There is a bright side to every story, you just need to look hard and sometimes challenge conventions. While American motorists are being worked into a frenzy by cascading Toyota recall stories, this may be a great time to get a deep discount on a used Toyota. Resale values have taken a significant hit, as many consumers have become wary of purchasing a Toyota product. At the same time, many owners are eager to move out of their recalled model into something else. For bargain hunters, this is opportunity knocking.
Toyota cars have long earned a deserved reputation for quality. While the company may have made noticeable cost-cutting measures in car, leading to plain interior and hard cabin plastics, the vehicles hold up well for many years of trouble-free operation. Survey after survey bears this out. The only difference between the Toyota cars today, versus last year, is fear. They are the same cars. And the problems may not be as great as head-turning headlines suggest.
We have covered the recall stories here in the autoMedia Auto News Blog.
For a quick refresher course and reality check, there are two main recalls: the extended floor mat entrapment recall and the latest sticky pedal recall. (The investigation continues on the 2010 Toyota Prius, but the reality there is that Toyota already discovered the issue and implemented a rolling production fix. It would be near-effortless to update already built models. It just has to figure out how to manage that without further damaging its tarnished reputation.)
Extended floor mat entrapment: The vehicles included in this recall have unintended acceleration risks due to too little clearance under the accelerator pedal. The long-term solution is that dealerships will replace the pedal itself in the spring. Short-term, just take the floor mat out. Really, that’s all. Dealerships have been trained how to cut some material off the bottom of the pedals, until the replacements become available. The dangers are real, as there have been documented accidents and deaths.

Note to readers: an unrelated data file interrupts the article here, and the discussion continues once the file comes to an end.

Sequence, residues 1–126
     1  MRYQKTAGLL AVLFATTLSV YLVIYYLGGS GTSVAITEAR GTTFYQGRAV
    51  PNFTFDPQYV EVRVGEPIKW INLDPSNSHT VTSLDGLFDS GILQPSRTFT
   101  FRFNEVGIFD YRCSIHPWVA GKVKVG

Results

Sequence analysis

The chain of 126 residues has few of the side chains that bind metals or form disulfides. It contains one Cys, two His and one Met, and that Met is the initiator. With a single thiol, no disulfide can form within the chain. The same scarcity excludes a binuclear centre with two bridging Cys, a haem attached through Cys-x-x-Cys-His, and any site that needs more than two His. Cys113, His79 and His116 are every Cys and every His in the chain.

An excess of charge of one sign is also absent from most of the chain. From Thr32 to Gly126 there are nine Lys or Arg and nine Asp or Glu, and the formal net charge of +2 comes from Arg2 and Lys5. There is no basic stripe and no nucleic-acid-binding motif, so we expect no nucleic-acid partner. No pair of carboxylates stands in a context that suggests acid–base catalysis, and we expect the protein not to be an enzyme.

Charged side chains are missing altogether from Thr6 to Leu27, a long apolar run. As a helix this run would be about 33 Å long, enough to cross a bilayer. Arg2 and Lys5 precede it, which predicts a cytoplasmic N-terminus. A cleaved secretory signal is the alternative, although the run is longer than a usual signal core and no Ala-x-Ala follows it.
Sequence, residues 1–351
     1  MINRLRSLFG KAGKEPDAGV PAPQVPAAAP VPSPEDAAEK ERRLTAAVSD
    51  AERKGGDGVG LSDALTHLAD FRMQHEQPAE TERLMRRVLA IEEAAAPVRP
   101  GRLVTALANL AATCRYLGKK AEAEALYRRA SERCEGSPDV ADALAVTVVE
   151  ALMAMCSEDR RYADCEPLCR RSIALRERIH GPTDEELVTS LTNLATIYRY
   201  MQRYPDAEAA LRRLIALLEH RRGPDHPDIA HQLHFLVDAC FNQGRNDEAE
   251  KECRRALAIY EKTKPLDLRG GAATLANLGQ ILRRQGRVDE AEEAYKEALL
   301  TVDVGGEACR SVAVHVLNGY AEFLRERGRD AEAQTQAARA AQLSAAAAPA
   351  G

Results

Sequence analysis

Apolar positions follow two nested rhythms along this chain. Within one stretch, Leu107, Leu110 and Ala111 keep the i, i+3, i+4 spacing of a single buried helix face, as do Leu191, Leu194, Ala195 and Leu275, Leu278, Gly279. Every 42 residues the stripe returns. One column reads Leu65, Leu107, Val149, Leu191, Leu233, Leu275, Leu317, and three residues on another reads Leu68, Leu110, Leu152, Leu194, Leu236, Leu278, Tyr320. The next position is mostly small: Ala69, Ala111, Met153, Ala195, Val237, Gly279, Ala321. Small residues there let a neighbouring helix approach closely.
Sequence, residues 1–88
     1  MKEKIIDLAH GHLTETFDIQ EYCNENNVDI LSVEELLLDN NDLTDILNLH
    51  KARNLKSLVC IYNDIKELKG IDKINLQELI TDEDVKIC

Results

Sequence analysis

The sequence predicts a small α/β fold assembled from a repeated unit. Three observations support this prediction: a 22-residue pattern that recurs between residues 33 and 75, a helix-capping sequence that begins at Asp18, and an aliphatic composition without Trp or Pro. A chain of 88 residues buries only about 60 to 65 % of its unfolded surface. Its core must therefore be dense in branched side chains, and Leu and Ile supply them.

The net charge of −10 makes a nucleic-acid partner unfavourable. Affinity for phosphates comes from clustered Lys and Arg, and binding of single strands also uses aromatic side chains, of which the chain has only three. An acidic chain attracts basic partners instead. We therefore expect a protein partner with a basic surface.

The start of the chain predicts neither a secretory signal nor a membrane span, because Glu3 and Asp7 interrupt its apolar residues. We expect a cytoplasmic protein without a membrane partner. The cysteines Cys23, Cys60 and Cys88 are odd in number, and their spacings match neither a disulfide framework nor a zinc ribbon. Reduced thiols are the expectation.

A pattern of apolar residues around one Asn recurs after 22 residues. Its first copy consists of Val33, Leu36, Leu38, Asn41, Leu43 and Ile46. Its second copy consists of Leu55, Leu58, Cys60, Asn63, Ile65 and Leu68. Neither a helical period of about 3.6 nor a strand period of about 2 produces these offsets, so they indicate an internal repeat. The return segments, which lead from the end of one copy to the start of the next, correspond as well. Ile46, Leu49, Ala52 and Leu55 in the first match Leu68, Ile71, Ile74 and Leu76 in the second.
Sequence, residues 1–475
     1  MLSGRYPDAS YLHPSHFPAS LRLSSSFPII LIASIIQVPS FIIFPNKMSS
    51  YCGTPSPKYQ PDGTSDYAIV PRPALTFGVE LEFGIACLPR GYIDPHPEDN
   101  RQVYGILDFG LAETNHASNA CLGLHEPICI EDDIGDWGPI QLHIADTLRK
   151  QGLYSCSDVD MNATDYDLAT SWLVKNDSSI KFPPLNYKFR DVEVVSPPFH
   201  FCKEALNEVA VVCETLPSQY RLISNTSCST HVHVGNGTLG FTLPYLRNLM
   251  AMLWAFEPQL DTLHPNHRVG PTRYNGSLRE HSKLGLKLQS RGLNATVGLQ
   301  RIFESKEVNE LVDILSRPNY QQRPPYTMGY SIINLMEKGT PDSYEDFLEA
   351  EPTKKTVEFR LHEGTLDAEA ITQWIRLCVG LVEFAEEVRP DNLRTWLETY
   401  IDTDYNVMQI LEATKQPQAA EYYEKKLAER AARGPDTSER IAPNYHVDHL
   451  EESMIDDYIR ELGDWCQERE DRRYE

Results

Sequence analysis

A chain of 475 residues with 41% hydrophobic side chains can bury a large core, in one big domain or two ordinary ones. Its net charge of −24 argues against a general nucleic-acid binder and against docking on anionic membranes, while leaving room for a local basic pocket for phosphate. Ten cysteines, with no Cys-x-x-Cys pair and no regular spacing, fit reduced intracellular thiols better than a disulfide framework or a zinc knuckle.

Sticking accelerator: This is a progressive wear issue that becomes worse over time, exacerbated by moisture. Symptoms include a pedal reluctant to return to its resting position. Most owners will never experience a problem, and the stamp-like shim for the recall fix is now at your local dealerships. Thus far, accidents are not attributed to this problem.
So, if you’re willing to deal with bringing a vehicle in for a free recall servicing and possibly live without a driver-side floor mat until the work can be performed, now may be the time to buy.
If you’re tempted to shop a Toyota, browse our exhaustive used car marketplace. There are current more than 1.4 million cars listed, including 94,000 Toyotas.
To help guide your bargain hunting, check out our Toyota Research Center, with quick access to pricing, photos, reviews, and more.